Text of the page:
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JOHN i. 14.

14. And the Word was made flesh, and dwelt among us, (and we beheld his glory, the glory as of the only begotten of the Father,) full of grace and truth.

St. John, in the preceding verses, had declared the DIVINITY of the Redeemer. "The Word was God." He now testifies, with the same clearness, a truth which equally concerns us, his HUMANITY. The Word was made flesh. He who was God, took upon him the nature of man: the nature of frail, mortal flesh. He did not cease to be what he was: he could not cease to be what he had been from eternity; but he became, what he was not before, man as well as God.1

Let us consider, first, Is this possible?

Why should it not be possible? There seems no reason why the nature which is clothed with flesh should only be such a nature as our own. God, we know, breathed into man the breath of

1 As defined by the fourth General Council." He was so made flesh, that he ceased not to be the Word, never changing that he was, but assuming that he was not."

life, and he became a living soul. That soul might have partaken of his own nature instead of the nature which it has. The mode in which God and man became one, we cannot comprehend; but we need not go beyond ourselves, and the union of soul and body in our own natures, to meet with that which we shall never comprehend; and there is nothing contradictory in believing that as the living soul and body constitute one man, so God and man are one Christ. "For with God nothing shall be impossible."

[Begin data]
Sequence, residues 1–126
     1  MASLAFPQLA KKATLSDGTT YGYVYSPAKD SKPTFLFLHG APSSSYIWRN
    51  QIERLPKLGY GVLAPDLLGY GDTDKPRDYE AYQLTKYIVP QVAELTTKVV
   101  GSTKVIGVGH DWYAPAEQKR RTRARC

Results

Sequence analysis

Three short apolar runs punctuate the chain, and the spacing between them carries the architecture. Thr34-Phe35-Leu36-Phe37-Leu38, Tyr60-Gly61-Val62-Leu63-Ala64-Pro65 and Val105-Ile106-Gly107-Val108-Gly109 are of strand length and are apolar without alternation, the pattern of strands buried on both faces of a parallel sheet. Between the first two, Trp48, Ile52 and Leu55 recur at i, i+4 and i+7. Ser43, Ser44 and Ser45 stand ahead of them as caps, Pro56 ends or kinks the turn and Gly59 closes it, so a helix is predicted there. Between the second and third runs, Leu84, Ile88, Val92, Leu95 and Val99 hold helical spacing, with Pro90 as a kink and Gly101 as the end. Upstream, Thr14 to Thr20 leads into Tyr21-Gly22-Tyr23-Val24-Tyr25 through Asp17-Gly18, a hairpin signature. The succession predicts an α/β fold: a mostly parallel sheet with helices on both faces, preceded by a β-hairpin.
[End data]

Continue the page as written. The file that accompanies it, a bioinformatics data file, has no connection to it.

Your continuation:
Secondly, Does this agree with what had been foretold, and with what the Jewish nation, possessing the oracles of God, had reason to expect?

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God had declared to Adam that "the seed" or offspring of the woman should bruise the serpent's head.' Jesus was the offspring of the woman, Mary; and was now manifested to bruise the serpent's head, and to destroy the works of the devil.

Moses had assured the Israelites, that in due time," the Lord their God should raise up unto them of their brethren a prophet like unto himself." And now the Word was made flesh, and "born of a woman," among this people.

Isaiah had prophesied concerning a Saviour, in words which could only apply to one who came in fashion as a man, and yet who was in his nature more than man: whose generation was incompre

2 Gen. iii. 15.


3 Deut. viii. 15. See Acts xiii. 22. Compare Isai. vii. and ix.

hensible: whose appearance was frail and humble, yet whose power was divine.

The appearance, therefore, of Christ in the flesh, did agree with the expectation raised by prophecy. And then we ask, thirdly, Was there a reason for it? Scripture explains the reason. Jesus came

to save sinners, by dying the death of sinners. In the nature of God he could not die. He could not suffer, except in that nature which had sinned. He could only bear the curse of the law in the nature which had incurred the curse by transgression of the law. Forasmuch then as those whom he came to redeem " are partakers of flesh and blood, he also himself likewise took part of the same; that through death he might destroy him that had the power of death, that is, the devil; and deliver them who through fear of death were all their lifetime subject to bondage. For verily he took not on him the nature of angels; but he took on him the seed of Abraham.”5